2 MARCH 1929, Page 18


[To the Editor of the SPECTATOR.]

Sta,—The majority of your readers must have welcomed your very able article on the Freedom of the Seas, in your issue of the 28rd. When the public opinion of the world had been educated up to a realization of its truth, muchmutual suspicion and misunderstanding arising out of the phrase " Freedom of the Seas " will surely disappear. • You say " much remains to be discussed, particularly as to the part the United States would be prepared to play in joining with her fellow signatories of the Pact in carrying police action out." I am not so sure. The United States, I believe, has never denied the right of one belligerent to hold up, at sea, contraband consigned directly to the ports of the other belli- gerent. All she objects to is our extension of her own Civil War doctrine of " continuous voyage " to cover her general trade with neutrals and her trade in non-contraband with a belligerent.

By definition, in any future public war " continuous voyage " would cease to be, as each nation member of the League would cut off its own trade and exports to the Cpvenant- breaking State, as also all transit facilities for goods from other States (including the U.S.A.) destined for the belligerent. If„ as I believe to be the case, you are right in suggesting that in any future wars there can be no distinction between private and public property at sea, or. between contraband, pro- visional contraband, and non-contraband, the United States will be estopped from protesting against the holding up of her direct trade with a belligerent. In other words, the United States will have no grounds for protesting against the stoppage of her direct or indirect trade with the Covenant-breaking State. Senator Capper's latest resolution will, therefore, prove to be out of date before it was introduced.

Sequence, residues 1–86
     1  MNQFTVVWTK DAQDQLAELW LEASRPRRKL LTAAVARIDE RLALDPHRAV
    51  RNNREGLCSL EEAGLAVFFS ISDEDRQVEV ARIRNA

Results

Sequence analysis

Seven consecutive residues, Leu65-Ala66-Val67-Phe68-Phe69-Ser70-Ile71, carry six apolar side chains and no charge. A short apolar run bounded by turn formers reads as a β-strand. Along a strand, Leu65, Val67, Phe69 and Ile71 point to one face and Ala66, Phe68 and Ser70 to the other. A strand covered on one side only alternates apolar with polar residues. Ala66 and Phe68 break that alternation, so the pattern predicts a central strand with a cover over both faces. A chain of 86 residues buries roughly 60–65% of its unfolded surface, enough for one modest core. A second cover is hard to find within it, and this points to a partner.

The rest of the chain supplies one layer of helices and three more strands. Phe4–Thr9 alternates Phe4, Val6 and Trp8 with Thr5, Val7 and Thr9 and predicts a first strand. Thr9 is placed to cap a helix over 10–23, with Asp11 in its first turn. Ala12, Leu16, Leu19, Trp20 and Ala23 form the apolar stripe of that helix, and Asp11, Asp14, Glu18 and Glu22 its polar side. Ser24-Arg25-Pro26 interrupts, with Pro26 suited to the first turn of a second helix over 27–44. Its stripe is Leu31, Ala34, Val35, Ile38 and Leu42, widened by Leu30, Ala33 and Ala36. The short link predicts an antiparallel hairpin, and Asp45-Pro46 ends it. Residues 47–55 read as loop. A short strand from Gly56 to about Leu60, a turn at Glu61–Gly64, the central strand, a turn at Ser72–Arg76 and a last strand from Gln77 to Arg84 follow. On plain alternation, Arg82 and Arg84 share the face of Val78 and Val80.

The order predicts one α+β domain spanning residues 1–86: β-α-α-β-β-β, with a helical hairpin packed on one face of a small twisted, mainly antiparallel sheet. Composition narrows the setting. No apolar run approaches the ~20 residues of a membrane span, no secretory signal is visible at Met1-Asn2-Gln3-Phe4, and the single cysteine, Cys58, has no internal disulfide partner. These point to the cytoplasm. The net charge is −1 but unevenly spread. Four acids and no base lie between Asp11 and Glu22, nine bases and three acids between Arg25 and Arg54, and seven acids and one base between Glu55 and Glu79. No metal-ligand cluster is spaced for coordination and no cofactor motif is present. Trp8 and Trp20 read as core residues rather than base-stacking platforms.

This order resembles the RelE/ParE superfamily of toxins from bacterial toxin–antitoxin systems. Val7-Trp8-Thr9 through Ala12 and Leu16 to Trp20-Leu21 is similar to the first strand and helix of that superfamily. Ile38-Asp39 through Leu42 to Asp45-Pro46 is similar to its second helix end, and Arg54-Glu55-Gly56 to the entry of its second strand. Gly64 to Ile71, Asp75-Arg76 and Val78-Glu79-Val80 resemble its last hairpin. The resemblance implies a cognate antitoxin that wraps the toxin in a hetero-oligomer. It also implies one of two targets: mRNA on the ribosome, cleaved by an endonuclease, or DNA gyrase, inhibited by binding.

The conclusion I draw is, not, so much the importance of discussion with the United States as to when, and under what conditions, she will be prepared to join her fellow signatories of the Pact in carrying out police action, so much as of persuading the world, and especially the United States, that in any future war there can be no distinction between public and private property, or between contraband, provisional contraband, and non-contraband, at sea. The proms may be a long one,, as the doctrine is undoubtedly a novel one to the United States I It is, however, I believe, worth considerable effort, as if successful it promises a permanent solution of Anglo-American differences.

It furnishes, moreover, the only alternative to what you rightly call " the embarrassment and probable futility of attempting to draft agreed rules for the case of a still possible war between individual States," which is what any Conference held at present between Great Britain and the United States must inevitably degenerate into.—I am, Sir, &c.,

House of Commons.